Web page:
Smoking cessation intervention programme in four secondary boys' schools in Malaysia
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The National Cancer Society Malaysia, Malaysia
National University of Malaysia, Faculty of Health Sciences, Malaysia
International Islamic University Malaysia, Malaysia
Publication date: 2018-03-01
Tob. Induc. Dis. 2018;16(Suppl 1):A338
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Background and challenges to implementation:
Smoking among Malaysian secondary school students is on the rise especially among boys between 13-15 years old. There are no proven sustainable school-based intervention programmes to tackle this issue. Hence, a 6-month smoking cessation programme at 4 boys' schools in urban Kuala Lumpur was conducted. The initial challenges faced during the implementation of this programme include lack of cooperation from school personnel, inadequate time, high absenteeism among students and inability to prescribe pharmacotherapy. The recruitment process consists of a talk and screening using the CO breath analyzer. 143 identified smokers were offered to voluntarily participate with 128 non-smoking support buddies recruited. Weekly visits were scheduled during the first month, followed by once a fortnight for the 2nd and 3rd months, and once a month for the last 3 months. Group counselling was conducted during each visit with interactive activities including quizzes, video case studies, essay writing and games. Smokers with CO level >10 ppm and unable to quit after the 6th counselling session were counselled individually.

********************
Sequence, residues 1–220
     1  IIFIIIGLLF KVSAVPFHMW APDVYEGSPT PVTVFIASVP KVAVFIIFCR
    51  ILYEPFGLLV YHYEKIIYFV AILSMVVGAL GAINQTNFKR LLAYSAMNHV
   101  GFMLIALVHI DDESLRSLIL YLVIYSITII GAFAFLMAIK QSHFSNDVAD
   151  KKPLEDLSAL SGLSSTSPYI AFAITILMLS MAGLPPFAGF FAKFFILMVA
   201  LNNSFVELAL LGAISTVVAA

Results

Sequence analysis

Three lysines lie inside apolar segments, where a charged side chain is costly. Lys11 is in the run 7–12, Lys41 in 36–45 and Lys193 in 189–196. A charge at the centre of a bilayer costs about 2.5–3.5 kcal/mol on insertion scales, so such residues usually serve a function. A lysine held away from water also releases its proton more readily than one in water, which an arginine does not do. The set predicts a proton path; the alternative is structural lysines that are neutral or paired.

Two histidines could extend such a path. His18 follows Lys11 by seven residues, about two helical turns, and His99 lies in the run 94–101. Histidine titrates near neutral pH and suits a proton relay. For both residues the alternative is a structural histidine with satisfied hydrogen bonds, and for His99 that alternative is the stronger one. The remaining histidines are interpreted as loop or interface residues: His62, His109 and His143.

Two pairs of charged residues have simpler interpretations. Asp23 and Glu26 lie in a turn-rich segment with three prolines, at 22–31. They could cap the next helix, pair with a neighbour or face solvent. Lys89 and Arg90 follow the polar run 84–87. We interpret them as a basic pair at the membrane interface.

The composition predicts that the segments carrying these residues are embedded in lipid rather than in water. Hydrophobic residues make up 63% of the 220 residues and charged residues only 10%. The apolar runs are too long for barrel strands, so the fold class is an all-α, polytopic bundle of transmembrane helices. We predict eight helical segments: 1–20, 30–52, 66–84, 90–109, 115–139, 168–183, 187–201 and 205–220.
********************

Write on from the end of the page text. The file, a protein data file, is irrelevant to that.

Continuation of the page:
Intervention or response:
The team worked with the Ministry of Health to train school counsellors in smoking cessation. WhatsApp groups were created to provide off-site support, reminders and problem solving. Vitamin C tablets were given instead of pharmacotherapy and special attention was given to the heavy smokers. The team worked closely with the school counsellors, discipline teachers and buddies in making informed decisions.

Results and lessons learnt:
CO-verified smoking cessation rate at 6-month follow-up was 64.0%. Four students had transferred. Those who continued to smoke were recruited into the 2017 programme. Frequent school visits, face-to-face support, utilizing social media, involvement of the counsellors and rewards were supportive factors of the programme´s success rate.

Conclusions and key recommendations:
High smoking cessation rate can be achieved via an integrated programme.

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